If an historic, revolutionary event takes place and you didn't know about it until after the fact, is it any less historic or revolutionary?
Blessed Louie Crew reminded us that yesterday, the 16th of September, marked the 35th Anniversary of the of the day that the General Convention of the Episcopal Church voted to end discrimination against the ordination of women with a resolution that read:
Resolved, the House of Deputies concurring, That a new Section 1 ofThis was, of course, preceded by the historic revolutionary events of the ordination to the priesthood of eleven deacons in Philadelphia in 1974 as well as the ordination of four deacons in Washington, DC, in 1975.
Title III, Canon 9 be adopted, with renumbering of the present Section 1
and following, the said Section 1 to read as follows: Section 1. The
provisions of these canons for the admission of Candidates, and for the
Ordination to the three Orders: Bishops, Priests and Deacons shall be
equally applicable to men and women.
I was a non-practicing Roman Catholic in 1974 - a dutiful young wife with two young children, miserably unhappy with life in general and the church in particular. I loved my babies but I knew my marriage was a sham, although I didn't yet know why, exactly. Yet. That would happen in 1976.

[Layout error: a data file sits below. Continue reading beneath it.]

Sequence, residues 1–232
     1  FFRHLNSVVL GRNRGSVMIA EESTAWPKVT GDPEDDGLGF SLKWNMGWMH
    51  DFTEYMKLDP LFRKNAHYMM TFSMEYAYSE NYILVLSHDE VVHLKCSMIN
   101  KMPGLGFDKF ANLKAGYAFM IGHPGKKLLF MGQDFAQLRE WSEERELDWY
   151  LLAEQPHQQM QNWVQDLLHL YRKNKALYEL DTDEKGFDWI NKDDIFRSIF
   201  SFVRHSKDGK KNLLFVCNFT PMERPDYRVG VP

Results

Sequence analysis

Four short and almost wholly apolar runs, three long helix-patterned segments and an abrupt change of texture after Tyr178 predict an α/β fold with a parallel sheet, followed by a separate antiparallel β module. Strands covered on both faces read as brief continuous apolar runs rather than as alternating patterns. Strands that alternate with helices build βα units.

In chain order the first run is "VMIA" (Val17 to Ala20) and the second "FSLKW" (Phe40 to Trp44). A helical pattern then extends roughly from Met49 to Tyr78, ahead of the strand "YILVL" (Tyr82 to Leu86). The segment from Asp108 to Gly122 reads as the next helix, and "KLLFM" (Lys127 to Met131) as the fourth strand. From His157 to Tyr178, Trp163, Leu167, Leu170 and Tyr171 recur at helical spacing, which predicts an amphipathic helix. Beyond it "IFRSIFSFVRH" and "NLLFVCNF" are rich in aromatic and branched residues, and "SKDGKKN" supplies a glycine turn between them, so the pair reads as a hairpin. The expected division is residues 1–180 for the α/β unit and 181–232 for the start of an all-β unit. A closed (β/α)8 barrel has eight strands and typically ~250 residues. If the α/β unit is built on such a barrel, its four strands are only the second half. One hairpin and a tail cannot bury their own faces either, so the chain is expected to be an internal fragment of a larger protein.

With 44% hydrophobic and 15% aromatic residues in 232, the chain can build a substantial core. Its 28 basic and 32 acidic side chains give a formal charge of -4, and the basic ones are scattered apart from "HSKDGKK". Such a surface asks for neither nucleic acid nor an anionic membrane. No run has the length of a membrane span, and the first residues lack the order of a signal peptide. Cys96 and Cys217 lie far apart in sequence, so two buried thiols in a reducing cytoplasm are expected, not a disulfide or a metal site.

I was received into the Episcopal Church at the Cathedral Church of St. Luke in Portland, ME in 1977. That had nothing to do with sensing a call to ordination and everything to do with feeling fully accepted, welcomed and included in the church.
It was the first time I had ever seen a woman in a clerical collar.
There she was, the Rev'd Martha Blacklock, sitting on the front steps of St. Clement's Church, an experimental church-theater on Manhattan's West 46th Street, in her jeans, leather sandals, clergy shirt and collar. Her little dog was at her feet.
I could barely read the story by Mary Knox Barthelme which declared that, at that time, "more than 500 women ordained as Episcopal priests are redefining the church's mission - and their own".
Five hundred? As in 5.0.0? Five.... Hundred? How could that be?
If five hundred women are ordained and one woman doesn't know it, are they still ordained?
I looked at the picture for a long, long time and could feel waves of .... I don't know .... Relief? Acknowledgment? Joy?....sweep over my heart, filling my eyes with tears and spinning my mind out of control with possibilities.
Just then, Ms. Conroy walked into the living room of our home in Portland, ME. I remember it clearly. We had just returned home from church with our eleven children (six of our own - mine, hers and ours - and five foster kids). We had just fed the kids their lunch, I had put a roast in the oven for dinner, and Ms. Conroy had organized the children into afternoon activities.
She had our youngest,who was then about four months old, on her hip. She saw the tears in my eyes, looked at the cover of the magazine, looked back at me and said, "I wondered how long it was going to take you to figure this out."
If a vocation is denied for years, does it mean it didn't exist?
In 1982, I was blissfully unaware of the details and the enormity of the struggle to ordain women in The Episcopal Church. I soon learned.